About the Center for the Improvement of Teaching (CIT) at UMass Boston

Human Architecture, Winter 2008 | Go to article overview

About the Center for the Improvement of Teaching (CIT) at UMass Boston


MISSION

The Center for the Improvement of Teaching (CIT) is a grassroots faculty-led organization committed to collaborative work on pedagogy across all disciplines and colleges. CIT's mission since its 1983 founding has been to help faculty foster the learning of diverse students within a dynamic urban university environment like UMass Boston, with complex institutional expectations, changing communication technologies, and evolving concepts of academic knowledge and training. CIT has used sustained reflection and scholarship to promote more effective pedagogical practice, a high standard of excellence in teaching, and an inclusive education that engages all students and promotes their academic success.

CIT's definition of inclusion is broad and highlights race, social class, gender, age, disability, sexual orientation, and culture as well as differences in levels of skill, academic preparation and language background. CIT takes seriously the multiple ways that these factors intersect with each other and serve as assets for learning and teaching.

The hallmark and strength of CIT is an active network of faculty, staff, and students who regularly engage in critical reflection and dialogue that deepen and extend a culture of engaged learning, academic excellence, and curricular and pedagogical transformation at UMB. CIT's regular programs include semester-long faculty seminars, public forums, student/faculty dialogues, annual conferences, faculty peer mentoring, and the encouragement of scholarship on diversity, learning and teaching.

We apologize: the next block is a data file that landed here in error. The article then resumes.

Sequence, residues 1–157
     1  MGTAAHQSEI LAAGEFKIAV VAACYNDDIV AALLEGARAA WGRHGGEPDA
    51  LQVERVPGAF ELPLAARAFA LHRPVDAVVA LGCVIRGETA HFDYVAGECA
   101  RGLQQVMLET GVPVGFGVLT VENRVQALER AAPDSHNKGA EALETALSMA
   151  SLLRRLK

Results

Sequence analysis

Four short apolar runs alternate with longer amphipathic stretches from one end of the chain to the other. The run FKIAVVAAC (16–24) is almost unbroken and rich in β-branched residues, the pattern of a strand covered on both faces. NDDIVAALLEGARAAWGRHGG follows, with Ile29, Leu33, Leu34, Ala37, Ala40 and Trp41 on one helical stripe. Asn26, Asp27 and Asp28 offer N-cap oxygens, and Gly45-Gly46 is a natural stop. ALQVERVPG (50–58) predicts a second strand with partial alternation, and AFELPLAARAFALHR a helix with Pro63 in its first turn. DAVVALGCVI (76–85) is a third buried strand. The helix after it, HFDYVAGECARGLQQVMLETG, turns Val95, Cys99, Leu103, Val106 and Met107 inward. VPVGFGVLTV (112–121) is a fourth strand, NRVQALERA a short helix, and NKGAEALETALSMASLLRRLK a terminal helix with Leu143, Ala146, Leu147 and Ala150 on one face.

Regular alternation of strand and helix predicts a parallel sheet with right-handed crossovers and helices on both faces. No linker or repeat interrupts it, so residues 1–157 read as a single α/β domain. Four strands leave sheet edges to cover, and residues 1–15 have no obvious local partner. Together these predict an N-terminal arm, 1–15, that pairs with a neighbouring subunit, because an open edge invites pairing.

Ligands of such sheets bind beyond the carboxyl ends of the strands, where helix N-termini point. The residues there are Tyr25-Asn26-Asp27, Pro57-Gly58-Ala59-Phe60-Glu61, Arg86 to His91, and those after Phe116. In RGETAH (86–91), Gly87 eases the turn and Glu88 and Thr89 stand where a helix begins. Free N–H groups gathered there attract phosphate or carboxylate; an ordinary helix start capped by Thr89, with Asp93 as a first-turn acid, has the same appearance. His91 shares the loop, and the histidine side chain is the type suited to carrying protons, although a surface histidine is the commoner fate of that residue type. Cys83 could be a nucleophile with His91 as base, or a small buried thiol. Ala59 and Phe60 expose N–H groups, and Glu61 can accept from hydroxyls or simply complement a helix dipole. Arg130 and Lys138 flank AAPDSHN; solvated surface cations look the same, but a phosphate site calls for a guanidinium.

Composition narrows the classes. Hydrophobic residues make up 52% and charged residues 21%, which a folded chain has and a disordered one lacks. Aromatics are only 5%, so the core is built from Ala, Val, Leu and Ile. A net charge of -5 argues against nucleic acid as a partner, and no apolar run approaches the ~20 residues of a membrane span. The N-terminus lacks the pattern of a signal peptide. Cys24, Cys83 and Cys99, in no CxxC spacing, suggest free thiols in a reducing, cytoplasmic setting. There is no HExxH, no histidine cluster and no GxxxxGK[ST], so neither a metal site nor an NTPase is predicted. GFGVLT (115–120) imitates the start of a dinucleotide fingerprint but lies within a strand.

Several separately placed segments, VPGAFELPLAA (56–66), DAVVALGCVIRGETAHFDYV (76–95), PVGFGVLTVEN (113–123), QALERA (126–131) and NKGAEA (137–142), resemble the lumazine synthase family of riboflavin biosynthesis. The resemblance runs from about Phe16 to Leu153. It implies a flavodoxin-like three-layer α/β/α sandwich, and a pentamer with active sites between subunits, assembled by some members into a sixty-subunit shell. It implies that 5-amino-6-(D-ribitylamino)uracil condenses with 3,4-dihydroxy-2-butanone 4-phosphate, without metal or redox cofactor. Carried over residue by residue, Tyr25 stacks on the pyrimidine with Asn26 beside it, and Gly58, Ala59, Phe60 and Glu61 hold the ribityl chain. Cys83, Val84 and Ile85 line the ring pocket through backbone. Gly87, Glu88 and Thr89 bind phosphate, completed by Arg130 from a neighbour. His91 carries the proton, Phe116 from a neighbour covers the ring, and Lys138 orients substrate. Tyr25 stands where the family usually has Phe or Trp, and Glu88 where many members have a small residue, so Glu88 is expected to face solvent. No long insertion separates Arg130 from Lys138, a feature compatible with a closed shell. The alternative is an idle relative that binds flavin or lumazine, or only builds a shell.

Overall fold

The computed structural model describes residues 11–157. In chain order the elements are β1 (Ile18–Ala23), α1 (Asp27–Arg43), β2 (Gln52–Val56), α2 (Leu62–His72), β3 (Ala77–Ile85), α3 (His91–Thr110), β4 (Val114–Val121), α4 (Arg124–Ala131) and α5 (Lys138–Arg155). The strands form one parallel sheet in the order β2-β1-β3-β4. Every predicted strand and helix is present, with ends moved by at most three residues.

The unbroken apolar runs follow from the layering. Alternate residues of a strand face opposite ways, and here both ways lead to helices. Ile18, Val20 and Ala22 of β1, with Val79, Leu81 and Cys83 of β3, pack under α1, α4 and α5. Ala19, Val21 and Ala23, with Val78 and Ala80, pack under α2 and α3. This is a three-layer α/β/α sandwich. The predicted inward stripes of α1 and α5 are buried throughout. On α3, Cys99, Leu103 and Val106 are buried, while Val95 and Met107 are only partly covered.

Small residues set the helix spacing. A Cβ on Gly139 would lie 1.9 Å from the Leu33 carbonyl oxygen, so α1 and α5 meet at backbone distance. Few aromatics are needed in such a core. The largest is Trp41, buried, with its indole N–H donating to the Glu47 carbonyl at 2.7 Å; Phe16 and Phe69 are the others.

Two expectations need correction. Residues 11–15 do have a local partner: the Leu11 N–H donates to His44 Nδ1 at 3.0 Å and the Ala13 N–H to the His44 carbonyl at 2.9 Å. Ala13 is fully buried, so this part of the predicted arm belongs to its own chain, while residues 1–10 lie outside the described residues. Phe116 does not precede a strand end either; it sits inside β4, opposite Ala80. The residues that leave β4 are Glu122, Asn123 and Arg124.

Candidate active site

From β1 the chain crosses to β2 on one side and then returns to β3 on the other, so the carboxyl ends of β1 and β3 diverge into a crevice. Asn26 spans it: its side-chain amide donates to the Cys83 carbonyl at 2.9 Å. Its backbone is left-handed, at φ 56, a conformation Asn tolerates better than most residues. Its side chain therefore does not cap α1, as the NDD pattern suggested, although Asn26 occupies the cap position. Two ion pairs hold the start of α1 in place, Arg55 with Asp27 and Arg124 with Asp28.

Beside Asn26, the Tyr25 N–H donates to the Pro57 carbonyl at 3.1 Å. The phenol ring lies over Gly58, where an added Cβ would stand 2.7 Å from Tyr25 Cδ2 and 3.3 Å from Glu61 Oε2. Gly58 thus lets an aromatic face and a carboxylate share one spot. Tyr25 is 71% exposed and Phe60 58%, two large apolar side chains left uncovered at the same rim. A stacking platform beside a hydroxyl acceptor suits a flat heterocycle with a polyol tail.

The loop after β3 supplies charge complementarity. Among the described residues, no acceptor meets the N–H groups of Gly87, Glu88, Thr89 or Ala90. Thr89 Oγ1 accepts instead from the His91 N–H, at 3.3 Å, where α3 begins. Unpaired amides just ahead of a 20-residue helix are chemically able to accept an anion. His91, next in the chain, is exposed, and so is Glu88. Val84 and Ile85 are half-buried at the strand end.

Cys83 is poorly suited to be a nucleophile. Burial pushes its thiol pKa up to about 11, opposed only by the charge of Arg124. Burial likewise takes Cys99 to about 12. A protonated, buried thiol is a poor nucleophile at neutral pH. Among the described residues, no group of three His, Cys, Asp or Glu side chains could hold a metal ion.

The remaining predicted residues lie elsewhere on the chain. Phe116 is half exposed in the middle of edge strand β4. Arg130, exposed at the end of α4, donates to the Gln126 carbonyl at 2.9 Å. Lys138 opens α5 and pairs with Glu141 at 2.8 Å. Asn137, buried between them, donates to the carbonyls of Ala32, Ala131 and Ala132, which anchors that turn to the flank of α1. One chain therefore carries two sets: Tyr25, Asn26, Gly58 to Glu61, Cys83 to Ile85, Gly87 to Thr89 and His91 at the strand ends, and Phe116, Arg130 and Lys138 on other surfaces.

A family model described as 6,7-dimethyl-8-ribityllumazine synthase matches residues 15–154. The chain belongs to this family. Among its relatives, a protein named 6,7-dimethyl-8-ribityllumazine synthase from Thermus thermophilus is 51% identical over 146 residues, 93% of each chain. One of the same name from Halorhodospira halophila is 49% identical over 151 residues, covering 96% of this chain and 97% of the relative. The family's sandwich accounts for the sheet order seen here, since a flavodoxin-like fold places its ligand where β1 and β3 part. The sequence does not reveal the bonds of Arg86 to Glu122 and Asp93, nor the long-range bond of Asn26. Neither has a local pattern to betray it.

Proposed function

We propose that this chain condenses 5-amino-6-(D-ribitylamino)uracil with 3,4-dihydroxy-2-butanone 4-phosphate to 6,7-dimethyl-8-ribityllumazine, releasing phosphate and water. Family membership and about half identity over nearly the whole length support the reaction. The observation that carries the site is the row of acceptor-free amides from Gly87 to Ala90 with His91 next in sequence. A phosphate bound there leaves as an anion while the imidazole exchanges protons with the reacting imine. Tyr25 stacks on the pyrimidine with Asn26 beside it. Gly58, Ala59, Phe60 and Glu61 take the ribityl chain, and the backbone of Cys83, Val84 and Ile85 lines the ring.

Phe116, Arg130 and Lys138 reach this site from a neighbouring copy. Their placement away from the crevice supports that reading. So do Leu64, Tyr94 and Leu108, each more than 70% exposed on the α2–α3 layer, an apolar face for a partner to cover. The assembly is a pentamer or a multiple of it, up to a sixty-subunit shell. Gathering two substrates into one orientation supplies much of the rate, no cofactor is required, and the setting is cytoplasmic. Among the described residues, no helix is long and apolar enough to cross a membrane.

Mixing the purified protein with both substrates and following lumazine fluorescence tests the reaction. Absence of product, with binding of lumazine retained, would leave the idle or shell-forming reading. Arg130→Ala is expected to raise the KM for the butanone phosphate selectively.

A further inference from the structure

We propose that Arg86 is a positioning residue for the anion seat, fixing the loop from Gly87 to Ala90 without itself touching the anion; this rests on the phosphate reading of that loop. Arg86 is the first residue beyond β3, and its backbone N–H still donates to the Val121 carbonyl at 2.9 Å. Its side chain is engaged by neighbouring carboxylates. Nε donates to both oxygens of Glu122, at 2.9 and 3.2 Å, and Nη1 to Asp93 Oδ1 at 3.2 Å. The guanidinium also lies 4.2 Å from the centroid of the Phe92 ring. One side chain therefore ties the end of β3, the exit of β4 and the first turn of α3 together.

Established in 1983, CIT's initial goal was to improve the quality of teaching within the College of Liberal Arts by drawing on the skills and wisdom of UMB's faculty rather than outside experts. In 1989, The Center extended its activities to the university as a whole, and emphasized diversity and inclusion as key components in teaching and learning.

SEMESTER-LONG FACULTY SEMINARS

Since 1983 over 280 faculty across disciplines and from every college in the university have participated in intensive and collaborative faculty development seminars. These seminars consist of weekly meetings and an intensive presemester session, in which faculty from a range of disciplines and across colleges examine and interrogate issues relevant to teaching in an urban public institution such as UMass. The seminar in the fall focuses on a specific issue such as Linguistic Diversity in the Classroom, Teaching Students with Different Levels of Academic Preparation, or Using Technology to Enhance Learning. The seminar in the spring for untenured and recently-tenured faculty provides opportunity for these faculty to work together on issues of teaching, learning and professional development. Since the fall of 2000, CIT seminars have extended their membership beyond the UMB community and now include a faculty participant from community colleges in the Boston area.

FORUMS/DIALOGUES

CIT has sponsored over 150 forums since 1990. There are approximately four to five forums offered each semester. These forums are open to all faculty, student and staff members of the UMB community. They provide opportunities to share perspectives, engage in dialogue, and to collaborate across disciplines about critical and timely issues. In addition to these events, CIT offers an on-going discussion group each semester that focuses on pedagogical issues related to race, class, gender, age, and sexuality. Finally, each semester CIT plans a studentfaculty luncheon series that takes place over the course of three weeks, where students and teachers share their particular perspectives on issues of teaching and learning. …

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